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Mammalian threads

A treatise on how science came to grasp evolution in mammals

By Akshit Sangomla
Published: Thursday 28 March 2019

Humans seldom think of themselves as mammals. But we share a significant part of our identity with more than 5,500 mammalian species currently living on the planet. Features like giving birth to live young ones, nurturing them with milk, having warm blood and large brain sizes have evolved in almost all mammals since they first popped up in the evolutionary chain around 210 million years ago. In I, Mammal: The Story of What Makes us Mammals, former neurobiologist Liam Drew takes the reader on a spectacular journey of how these features evolved over time, each of them with their own complicated story.

Mammals can be broadly divided into monotremes or egg laying mammals; marsupials or animals that give birth to premature live young ones and nurture them in pouches outside their bodies; and, placental mammals which give birth to fully developed young ones after nurturing them inside their bodies. The last category makes up most of the living mammals, including humans. The group of mammals that intrigued Drew the most are monotremes.

One animal among monotremes that is fascinating is the duck billed platypus—a mysterious-looking mammal that lives in the warm waters of eastern Australia. The platypus has been a puzzle for biologists ever since it was first discovered by travelers in 1797. It was subsequently identified and named by George Shaw in 1799. The book delves into the anatomy and behaviour of the platypus in considerable detail in order to understand how they evolved their characteristics, many of which are uniquely mammal-like, while others are far from it. For example there are five pairs of sex determining chromosomes in a platypus, while all of the other mammals have just one pair.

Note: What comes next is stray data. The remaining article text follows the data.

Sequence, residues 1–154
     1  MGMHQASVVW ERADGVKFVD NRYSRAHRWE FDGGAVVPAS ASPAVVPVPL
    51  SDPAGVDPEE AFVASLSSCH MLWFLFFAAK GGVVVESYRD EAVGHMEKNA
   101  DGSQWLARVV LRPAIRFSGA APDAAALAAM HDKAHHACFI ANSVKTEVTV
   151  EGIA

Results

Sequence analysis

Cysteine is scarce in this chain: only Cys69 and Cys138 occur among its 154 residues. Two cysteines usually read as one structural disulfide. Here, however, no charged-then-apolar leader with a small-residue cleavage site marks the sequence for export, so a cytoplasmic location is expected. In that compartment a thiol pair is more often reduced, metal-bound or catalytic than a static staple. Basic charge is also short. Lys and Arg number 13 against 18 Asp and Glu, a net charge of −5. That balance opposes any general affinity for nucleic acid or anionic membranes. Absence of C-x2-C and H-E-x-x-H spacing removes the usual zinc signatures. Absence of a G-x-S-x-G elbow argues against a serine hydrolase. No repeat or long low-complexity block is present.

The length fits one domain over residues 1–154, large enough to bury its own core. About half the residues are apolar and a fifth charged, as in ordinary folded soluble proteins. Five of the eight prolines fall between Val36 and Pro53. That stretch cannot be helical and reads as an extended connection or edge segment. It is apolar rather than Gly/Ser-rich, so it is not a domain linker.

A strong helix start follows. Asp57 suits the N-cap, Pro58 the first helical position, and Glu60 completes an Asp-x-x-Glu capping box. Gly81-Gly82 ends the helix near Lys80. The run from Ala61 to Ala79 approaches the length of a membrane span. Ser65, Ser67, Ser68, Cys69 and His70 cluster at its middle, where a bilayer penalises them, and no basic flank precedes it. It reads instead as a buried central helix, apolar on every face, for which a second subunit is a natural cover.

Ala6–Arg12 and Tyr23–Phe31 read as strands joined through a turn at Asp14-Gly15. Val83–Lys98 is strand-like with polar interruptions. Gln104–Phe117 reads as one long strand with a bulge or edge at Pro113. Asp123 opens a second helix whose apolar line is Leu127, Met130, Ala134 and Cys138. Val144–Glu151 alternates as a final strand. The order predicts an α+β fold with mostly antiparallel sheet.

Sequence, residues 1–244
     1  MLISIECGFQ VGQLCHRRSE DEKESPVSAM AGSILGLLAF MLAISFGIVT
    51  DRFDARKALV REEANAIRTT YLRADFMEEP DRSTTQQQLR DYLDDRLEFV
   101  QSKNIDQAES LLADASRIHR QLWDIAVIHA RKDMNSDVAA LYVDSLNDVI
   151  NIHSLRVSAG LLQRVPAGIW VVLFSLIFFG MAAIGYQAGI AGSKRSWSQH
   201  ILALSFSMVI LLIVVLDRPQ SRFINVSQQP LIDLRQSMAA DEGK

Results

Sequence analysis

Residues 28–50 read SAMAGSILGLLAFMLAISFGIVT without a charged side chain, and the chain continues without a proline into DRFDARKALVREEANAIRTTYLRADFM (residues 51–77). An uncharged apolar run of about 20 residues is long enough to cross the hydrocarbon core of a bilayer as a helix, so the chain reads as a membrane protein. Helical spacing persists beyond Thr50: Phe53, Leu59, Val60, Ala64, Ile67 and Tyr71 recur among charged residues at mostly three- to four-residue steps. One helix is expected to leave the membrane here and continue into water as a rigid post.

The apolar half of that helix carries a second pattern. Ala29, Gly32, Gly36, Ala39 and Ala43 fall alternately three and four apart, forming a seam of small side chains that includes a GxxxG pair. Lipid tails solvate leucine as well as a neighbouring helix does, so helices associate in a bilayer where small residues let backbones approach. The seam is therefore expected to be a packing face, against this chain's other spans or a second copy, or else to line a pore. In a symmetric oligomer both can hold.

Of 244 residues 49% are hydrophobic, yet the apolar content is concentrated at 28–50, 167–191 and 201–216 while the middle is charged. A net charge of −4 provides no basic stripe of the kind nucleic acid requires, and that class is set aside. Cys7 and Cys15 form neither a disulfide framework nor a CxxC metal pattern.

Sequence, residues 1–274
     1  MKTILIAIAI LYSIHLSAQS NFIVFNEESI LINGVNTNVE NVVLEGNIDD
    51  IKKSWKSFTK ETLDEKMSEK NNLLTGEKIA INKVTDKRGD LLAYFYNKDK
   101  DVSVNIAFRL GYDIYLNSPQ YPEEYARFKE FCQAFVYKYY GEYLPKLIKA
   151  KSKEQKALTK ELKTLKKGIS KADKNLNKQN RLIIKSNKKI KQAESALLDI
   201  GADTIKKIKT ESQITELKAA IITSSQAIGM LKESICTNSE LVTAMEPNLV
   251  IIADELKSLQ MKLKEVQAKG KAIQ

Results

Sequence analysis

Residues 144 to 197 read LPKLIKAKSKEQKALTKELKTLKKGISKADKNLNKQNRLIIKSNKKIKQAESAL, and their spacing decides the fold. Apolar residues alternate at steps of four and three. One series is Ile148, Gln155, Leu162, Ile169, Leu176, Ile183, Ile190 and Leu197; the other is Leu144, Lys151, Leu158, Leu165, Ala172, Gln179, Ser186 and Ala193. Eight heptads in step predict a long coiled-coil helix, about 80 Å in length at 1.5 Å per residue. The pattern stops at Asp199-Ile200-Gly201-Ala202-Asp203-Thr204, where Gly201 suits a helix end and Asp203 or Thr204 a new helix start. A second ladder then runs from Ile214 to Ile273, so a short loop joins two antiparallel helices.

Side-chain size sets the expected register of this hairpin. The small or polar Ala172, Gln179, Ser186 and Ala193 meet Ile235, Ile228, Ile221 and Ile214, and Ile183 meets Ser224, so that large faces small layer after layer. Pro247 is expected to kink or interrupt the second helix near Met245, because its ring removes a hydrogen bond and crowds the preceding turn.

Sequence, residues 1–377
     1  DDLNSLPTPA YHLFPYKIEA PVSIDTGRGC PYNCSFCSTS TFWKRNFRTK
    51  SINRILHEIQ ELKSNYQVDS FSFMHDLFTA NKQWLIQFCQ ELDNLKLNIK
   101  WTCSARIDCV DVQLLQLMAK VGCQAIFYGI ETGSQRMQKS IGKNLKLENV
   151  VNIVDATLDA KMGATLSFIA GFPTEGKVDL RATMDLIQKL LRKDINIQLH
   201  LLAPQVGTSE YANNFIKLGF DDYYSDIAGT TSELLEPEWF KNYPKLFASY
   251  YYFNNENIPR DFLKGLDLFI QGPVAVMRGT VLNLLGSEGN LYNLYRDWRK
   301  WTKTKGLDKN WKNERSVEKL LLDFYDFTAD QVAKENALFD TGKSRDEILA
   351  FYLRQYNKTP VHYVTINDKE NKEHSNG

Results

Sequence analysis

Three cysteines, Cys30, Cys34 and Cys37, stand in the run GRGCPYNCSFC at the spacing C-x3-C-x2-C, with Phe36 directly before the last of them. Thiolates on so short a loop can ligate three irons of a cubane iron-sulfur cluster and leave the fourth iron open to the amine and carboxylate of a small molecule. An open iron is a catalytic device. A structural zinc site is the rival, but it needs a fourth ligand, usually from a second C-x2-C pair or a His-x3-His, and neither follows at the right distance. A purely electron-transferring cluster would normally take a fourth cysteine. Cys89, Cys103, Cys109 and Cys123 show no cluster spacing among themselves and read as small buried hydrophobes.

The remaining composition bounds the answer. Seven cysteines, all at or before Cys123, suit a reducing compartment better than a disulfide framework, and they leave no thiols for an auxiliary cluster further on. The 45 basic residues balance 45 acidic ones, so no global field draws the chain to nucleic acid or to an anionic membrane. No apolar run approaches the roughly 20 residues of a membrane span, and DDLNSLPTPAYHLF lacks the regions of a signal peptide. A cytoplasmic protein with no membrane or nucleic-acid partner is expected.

The study of the evolution of the platypus and other monotremes also throws light on how other mammals perfected their features. For instance, an efficient system of milk production and secretion to feed infants through mammary glands evolved from the antiquated ways of the platypus, which feeds its young by sweating milk out onto its skin.

The duck billed platypus has five pairs of sex determining chromosomes

Drew also finds out how placental mammals branched away from monotremes to evolve other characteristics like birthing of young ones (instead of laying eggs) and developing large brains with a connecting structure between the left and right hemispheres that helped them to communicate better. For instance, a mammalian brain is six to seven times larger than a reptilian brain of similar size. The main reason for the large brain size is the evolution of the cerebral hemisphere. These unique characteristics not only aided their survival but also made mammals thrive and flourish, making them the dominant group of animals on the planet.

The significance of the book lies in the fact that Drew considers himself as a mammal first and a human second, and that has enabled him to explore ancient biological history to understand what it means to be a mammalian.

(This article was first published in Down To Earth's print edition dated March 16-31, 2019)

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